Another peculiarity of this pothos type is the larger leaves that are wide and have wavy edges, something that’s unique to the Manjula pothos.
Their leaves are different from other pothos in that it crisps up along the edges instead of presenting flat leaves.
Although Scindapsus (Satin Pothos) is a genus separate from Pothos, the two families could be considered cousins. Pothos was initially scientifically classified as Scindapsus aureus, which had instigated the common misconception that some of the Scindapsus family are true pothos. For this reason, care for your Satin Pothos will change slightly from what you might be accustomed to for your regular pothos.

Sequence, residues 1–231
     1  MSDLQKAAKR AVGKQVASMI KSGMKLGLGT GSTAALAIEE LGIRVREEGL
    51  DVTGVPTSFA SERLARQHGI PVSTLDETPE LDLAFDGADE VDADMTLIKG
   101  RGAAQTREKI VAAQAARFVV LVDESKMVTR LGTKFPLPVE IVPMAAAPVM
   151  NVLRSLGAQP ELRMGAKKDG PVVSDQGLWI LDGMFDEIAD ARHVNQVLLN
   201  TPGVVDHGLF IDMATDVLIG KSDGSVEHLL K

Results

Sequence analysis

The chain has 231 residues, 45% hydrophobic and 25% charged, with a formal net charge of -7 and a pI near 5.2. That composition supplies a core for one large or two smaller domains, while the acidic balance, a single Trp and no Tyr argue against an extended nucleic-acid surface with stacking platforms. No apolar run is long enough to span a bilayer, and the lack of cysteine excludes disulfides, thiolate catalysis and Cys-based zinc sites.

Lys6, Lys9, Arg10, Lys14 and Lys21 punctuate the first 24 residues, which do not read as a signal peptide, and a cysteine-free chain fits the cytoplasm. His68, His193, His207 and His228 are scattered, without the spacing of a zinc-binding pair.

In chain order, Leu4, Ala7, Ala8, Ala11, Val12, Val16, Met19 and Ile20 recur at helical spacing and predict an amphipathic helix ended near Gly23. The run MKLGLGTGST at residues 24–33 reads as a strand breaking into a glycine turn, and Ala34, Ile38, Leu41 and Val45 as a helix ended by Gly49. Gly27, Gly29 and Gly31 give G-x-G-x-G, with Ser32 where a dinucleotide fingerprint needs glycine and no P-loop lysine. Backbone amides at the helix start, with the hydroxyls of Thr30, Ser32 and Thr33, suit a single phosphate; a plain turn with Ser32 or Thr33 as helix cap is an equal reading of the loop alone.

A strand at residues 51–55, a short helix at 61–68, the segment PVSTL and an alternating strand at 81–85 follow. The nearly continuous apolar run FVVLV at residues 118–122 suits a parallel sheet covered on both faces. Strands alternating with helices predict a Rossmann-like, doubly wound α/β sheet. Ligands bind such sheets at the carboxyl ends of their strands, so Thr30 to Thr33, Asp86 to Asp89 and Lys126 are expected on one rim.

Reminiscent of the Turtle String plant, the Satin Pothos (Scindapsus Pictus) features a similar pattern on its leaves, one that reminds of the shells of turtles.
The leaves are oval-shaped and have a bright green or white underside.
The Satin pothos doesn’t tolerate cold drafts or sudden temperature changes. It’s best to keep this plant in a location where temperatures don’t drop below 60 °F.
Cebu Blue Pothos
The Cebu blue is actually an Epipremnum pinnatum. It breaks from the classic heart-shaped leaf pattern and features elongated arrow-shaped leaves.
The color of the leaves features blue-green leaves with a metallic sheen that gives the plant an eerily appearance.
The leaves also are textured rather than glossy or smooth and both the primary and secondary veins are visible.
When the plant reaches maturity, slits can appear in its leaves that are similar to that of the Monstera plant. This only happens if the leaves grow large and if the plant is provided enough bright light and optimal conditions.